All Wi-Fi connections vulnerable to KRACK attacks, security researcher finds
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A Belgian security researcher has uncovered a weakness in a security protocol used in “all modern protected Wi-Fi networks” which renders wireless connections vulnerable to “KRACK” attacks.
The vulnerability is due to the WPA2 protocol, which secures all modern Wi-Fi networks. When a user tries to join a Wi-Fi network, a digital four-way ‘handshake’ is required to ensure that the user has permission to join the network (i.e. has the password). During this handshake, a new encryption key is generated which is used to encrypt all subsequent communications.
These keys are generated by a system called ‘nonce’ (a number that can only be used once).
The protocol can be compromised with a key installation attack (KRACK), in which an attacker causes a handshake to be repeated: the key generation system is reset and an already-used encryption key is installed. Reusing encryption keys is strongly discouraged.
“We discovered serious weaknesses in WPA2, a protocol that secures all modern protected Wi-Fi networks. An attacker within range of a victim can exploit these weaknesses using key reinstallation attacks (KRACKs),” wrote Marthy Vanhoef, a security researcher at KU Leuven, in a report detailing the vulnerability.
“Attackers can use this novel attack to read information that was previous assumed to be safely encrypted. This can be abused to steal sensitive information such as credit card numbers, passwords, chat messages, emails, photos, and so on.”
This vulnerability could expose almost all wireless internet traffic to attackers nearby. Depending on the network configuration, the researcher said, it may also be possible to “inject and manipulate data, for example, an attack might be able to inject ransomware or other malware into websites”.
According to Vanhoef, this vulnerability affects a range of operating systems and devices, including Android, Apple, Linus, Windows and others. Depending on the extent to which a device or operating system implements the protocol, a user could be severely affected, or minimally affected.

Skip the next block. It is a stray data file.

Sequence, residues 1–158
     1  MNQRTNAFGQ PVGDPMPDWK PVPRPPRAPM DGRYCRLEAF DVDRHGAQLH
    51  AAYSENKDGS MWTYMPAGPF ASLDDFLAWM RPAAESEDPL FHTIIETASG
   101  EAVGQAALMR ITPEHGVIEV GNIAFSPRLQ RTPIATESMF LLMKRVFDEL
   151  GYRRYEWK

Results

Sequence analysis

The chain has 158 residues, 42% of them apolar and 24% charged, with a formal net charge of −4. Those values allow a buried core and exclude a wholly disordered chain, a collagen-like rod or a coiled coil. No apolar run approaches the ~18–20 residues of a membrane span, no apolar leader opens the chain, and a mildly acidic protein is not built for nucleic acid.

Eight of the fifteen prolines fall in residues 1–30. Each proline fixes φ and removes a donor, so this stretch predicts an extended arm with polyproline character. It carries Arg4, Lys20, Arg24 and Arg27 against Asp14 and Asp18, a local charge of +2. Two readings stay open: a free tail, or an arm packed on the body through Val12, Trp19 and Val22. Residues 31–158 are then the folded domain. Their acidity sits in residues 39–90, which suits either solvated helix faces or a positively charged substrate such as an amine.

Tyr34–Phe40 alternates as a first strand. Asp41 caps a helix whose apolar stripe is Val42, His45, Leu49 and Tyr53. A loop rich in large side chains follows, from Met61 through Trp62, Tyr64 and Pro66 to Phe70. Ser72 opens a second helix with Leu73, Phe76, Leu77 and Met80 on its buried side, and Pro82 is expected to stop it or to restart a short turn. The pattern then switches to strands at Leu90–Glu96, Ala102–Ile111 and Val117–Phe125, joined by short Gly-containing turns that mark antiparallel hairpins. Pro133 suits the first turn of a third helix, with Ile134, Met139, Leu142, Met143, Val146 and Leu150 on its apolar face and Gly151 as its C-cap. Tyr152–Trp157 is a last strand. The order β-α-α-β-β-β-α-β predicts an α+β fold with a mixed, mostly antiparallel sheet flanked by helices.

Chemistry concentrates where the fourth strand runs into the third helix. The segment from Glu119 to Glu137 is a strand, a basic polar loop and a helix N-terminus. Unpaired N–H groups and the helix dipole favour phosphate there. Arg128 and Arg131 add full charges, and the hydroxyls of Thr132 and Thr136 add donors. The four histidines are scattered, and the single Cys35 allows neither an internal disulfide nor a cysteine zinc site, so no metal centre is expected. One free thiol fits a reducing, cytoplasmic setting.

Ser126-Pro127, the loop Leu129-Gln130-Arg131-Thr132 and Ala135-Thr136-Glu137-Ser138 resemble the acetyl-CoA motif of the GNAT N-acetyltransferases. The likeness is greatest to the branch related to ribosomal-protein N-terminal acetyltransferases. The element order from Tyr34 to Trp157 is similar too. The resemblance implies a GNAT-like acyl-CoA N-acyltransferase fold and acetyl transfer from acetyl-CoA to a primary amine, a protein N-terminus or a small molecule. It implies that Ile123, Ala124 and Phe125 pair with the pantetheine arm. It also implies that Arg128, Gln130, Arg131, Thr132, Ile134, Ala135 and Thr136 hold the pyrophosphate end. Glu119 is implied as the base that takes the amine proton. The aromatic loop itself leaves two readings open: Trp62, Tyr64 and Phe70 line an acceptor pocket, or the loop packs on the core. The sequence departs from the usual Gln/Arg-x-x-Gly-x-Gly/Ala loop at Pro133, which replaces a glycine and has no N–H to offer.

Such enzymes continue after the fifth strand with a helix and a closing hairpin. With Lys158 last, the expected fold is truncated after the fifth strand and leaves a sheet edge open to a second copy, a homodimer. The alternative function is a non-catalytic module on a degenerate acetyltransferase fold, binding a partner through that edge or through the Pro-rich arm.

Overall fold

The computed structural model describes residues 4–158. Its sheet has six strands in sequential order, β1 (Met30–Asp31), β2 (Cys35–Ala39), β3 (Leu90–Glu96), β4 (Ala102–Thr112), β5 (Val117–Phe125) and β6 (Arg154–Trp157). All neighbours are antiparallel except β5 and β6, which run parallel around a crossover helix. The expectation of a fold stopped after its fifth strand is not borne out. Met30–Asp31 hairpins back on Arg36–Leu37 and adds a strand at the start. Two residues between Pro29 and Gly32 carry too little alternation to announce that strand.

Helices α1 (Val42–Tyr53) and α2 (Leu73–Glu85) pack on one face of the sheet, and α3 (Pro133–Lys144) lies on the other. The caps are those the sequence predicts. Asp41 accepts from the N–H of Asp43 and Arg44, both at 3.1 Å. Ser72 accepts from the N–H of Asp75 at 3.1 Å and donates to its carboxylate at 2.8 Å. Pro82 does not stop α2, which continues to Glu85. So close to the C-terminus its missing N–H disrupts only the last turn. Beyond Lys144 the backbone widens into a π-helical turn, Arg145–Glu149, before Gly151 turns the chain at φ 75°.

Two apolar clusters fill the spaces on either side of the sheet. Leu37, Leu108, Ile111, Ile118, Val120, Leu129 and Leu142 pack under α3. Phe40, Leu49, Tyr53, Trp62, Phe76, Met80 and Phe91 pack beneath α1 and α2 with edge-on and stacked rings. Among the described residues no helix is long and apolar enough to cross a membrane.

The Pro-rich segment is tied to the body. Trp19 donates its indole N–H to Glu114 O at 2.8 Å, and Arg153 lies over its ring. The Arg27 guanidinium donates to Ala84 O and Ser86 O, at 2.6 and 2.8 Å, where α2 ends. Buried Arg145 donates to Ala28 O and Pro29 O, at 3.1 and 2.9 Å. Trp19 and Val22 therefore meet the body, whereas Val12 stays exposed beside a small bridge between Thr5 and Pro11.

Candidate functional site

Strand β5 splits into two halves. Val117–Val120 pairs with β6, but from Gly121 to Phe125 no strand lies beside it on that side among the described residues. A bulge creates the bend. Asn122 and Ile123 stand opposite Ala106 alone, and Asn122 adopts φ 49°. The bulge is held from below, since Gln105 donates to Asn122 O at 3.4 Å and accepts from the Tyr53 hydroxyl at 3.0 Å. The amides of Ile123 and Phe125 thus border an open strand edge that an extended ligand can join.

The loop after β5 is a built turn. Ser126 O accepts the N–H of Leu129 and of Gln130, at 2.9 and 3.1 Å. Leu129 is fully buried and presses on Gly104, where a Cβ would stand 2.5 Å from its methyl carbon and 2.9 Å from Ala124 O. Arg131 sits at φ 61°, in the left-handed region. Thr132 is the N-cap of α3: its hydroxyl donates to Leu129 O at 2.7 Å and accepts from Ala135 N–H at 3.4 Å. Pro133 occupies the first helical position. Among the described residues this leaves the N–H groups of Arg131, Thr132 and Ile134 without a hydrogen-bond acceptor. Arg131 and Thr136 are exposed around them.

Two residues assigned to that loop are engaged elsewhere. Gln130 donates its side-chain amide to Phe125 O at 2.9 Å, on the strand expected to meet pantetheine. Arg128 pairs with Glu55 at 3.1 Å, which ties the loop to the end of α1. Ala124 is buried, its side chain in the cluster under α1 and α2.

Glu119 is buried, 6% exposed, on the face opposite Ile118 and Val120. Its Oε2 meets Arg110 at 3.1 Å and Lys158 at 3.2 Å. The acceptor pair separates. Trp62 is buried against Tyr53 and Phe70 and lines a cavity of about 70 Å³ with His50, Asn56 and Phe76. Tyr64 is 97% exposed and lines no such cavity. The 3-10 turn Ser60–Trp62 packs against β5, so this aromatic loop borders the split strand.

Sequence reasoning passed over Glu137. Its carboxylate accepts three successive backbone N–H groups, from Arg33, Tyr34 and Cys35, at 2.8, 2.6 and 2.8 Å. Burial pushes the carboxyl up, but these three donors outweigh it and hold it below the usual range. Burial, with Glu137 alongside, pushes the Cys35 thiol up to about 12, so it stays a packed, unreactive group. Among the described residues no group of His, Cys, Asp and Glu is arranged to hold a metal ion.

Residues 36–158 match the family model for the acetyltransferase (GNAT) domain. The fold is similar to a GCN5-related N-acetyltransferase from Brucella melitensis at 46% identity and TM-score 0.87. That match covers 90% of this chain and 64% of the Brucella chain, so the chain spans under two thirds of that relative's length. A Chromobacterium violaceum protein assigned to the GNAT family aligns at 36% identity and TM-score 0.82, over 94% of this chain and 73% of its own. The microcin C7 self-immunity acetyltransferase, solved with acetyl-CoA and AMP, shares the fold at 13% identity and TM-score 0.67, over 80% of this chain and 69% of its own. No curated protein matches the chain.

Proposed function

Vanhoef commented that iOS and Windows are among the most secure operating systems, due to not fully implementing the protocol, while Android 6.0 and recent Linux systems are particularly badly affected, due to a bug which causes the encryption key to be reset to all-zeroes, rendering the network easier to intercept and abuse.
“If your device supports Wi-Fi, it is most likely affected,” Vanhoef wrote. “Any data or information that the victim transmits can be decrypted”
Despite this extremely widespread vulnerability, users sending data wirelessly with additional encryption – such as in online banking, when using a VPN, or when sending messages secured with end-to-end encryption – will continue to be largely (though not completely) secure.
Insecure connections to websites, however, could be considered public until the issue is resolved.
The US Computer Emergency Readiness Team has issued a warning on the vulnerability, and the National Cyber Security Centre has stated that it will be studying the vulnerability, and providing guidance if necessary.
Vanhoef's paper, which describes the weakness in more technical detail is freely available online.